In terms of storage, my taste for decent audio does not come cheap - a freshly ripped movie takes up somewhere between 1.3 to 2.5GB if I go for the maximum of four audio tracks - two in Portuguese and two in English (i.e., AAC stereo and AC3 5.1 audio), but I strip out the extras using Subler in a couple of minutes if, say, I’m downsizing a file for playback on iOS or if it’s something like a cartoon that I’ll never really want to watch myself, and most of my kids’ content clocks in at well under the 1GB mark.

The only two real downsides so far (besides some asinine limtations in Home Sharing that I’ll get to in a bit) are that the UI could handle large libraries better and that the Apple TV 2 is completely blind to bitmapped subtitles.

Like many people, I don’t really need HD (although I have a few 720p shorts I downloaded from Vimeo and plenty of footage of the kids), so the overall performance and video quality is fine - I can always fallback to the PS3 for watching the the grand total of four Blu-Ray disks I own…

Thou Shalt Not Browse Thine Own Content Easily

For starters, there is no search option for movies - the option is there for music, but not for video - and you get a better experience browsing through YouTube or Vimeo, where the UI renders a full-screen grid - a view that is not available to any of your own content except photos (and even then, Apple has a long-standing bug regarding the sort ordering of those and a maximum limit of 200 photos per folder that they seem unable - or unwilling - to fix).

So browsing through more than a couple dozen movies using the Apple TV’s own UI is, in a word, difficult, and, if (like me) you rip cartoon DVDs into separate episodes, it becomes, in two words, completely insane unless you use smart playlists and some magic.

Everyone Should Be An American, Right?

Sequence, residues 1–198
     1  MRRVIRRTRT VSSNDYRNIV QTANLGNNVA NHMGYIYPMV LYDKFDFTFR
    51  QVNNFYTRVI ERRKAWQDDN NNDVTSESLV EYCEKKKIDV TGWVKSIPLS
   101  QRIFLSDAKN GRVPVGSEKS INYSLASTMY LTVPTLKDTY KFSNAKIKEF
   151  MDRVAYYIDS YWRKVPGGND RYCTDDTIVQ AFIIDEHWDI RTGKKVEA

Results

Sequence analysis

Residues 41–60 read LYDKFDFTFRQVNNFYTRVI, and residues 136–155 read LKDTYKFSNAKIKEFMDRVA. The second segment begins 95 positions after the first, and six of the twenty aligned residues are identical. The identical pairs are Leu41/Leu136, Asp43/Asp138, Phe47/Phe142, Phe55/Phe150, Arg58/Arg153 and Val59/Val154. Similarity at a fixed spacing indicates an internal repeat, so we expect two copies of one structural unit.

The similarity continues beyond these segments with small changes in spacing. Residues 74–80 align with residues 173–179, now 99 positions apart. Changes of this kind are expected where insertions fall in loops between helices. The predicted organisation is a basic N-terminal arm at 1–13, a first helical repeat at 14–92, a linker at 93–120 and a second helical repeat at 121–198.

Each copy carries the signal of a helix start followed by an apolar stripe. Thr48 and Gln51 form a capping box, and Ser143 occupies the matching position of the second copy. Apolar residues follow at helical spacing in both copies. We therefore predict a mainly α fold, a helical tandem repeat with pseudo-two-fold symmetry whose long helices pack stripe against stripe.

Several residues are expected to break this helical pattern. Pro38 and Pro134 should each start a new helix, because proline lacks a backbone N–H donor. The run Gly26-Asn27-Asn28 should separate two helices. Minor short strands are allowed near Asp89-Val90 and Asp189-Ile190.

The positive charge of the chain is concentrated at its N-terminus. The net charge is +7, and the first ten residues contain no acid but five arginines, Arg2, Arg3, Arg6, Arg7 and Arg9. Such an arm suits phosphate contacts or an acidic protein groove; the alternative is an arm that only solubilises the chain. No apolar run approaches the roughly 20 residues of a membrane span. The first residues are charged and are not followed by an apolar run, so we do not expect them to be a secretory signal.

A recurring issue with stuff designed in California is their grudging take on internationalization essentials like subtitles.

So the Apple TV, like most of QuickTime, is utterly blind to ripped DVD subtitles (it only seems to support 3GPP Text and not mp4s bitmap streams from direct VOBSUB conversion, so I have to fish around in shady subtitle sites for .SRT files crammed with typos).

And even if you do manage to find proper subtitles, it is somewhat hostile to them, persisting in rendering them inside a shaded overlay that completely ruins the movie watching experience and that I’ve come to hate with a passion.

Fortunately, I seldom need subtitles (and if push comes to shove, I can always burn them in during the ripping process in HandBrake and have my brain ignore them automatically).

Saving Grace

But there is one killer feature that has made a significant difference for me - the ability to use any of my iOS devices as a remote on steroids.

Even my original iOS 3.x iPod Touch can act as a full-blown remote for both the Apple TV and Home Sharing, so I invariably use it instead of the built-in UI to navigate playlists and to easily pick out a specific movie or cartoon in a couple of seconds - a very kid-friendly (or rather parent-friendly) feature.

Sadly, and even after the wireless syncing features added to iOS 5, I’m completely unable to directly download my own media from Home Sharing onto my iOS devices, a limitation that is, quite frankly, rather dumb, and impossible to explain to normal people.

But on the plus side, there’s nothing quite like being able to flick media from my devices via AirPlay - I’ll be browsing through my RSS feeds, chance upon something worth watching, and boom - there it is on the TV, or I’ll simply stream audio and have it play back on my stereo via the optical output.

A Word on Metadata

Finally, I also got something else out of the bargain: iTunes as a metadata editor, something that is not to be taken lightly considering that despite needing to have a Mac running to enjoy my media2, I get a lot of flexibility out of smart playlists and the playback count mechanism.

Also, metadata is saved on and read dynamically from the .m4v files themselves, which is reassuring and makes it possible to do some clever tricks with Subler.

So far, this seems to be the best setup yet - small, unobtrusive, flexible, and despite some quirks and oddball limitations, quite satisfactory and involving absolutely zero hacking - yes, you can jailbreak the thing and do a lot more, but I just don’t have the time or patience for those things and prefer sending in feedback and hoping for the best.


  1. Synology supports old-style DAAP and some of the playlist trickery I need (they even have pretty good iOS apps), but not the extended Home Sharing authentication protocol, so all of their current products are pretty useless for me right now as media servers. ↩︎

  2. Something I expected Apple to have licked by now, but alas, their priorities are clearly leaning towards getting us to pay for cloud content first and enjoy what we already own second. ↩︎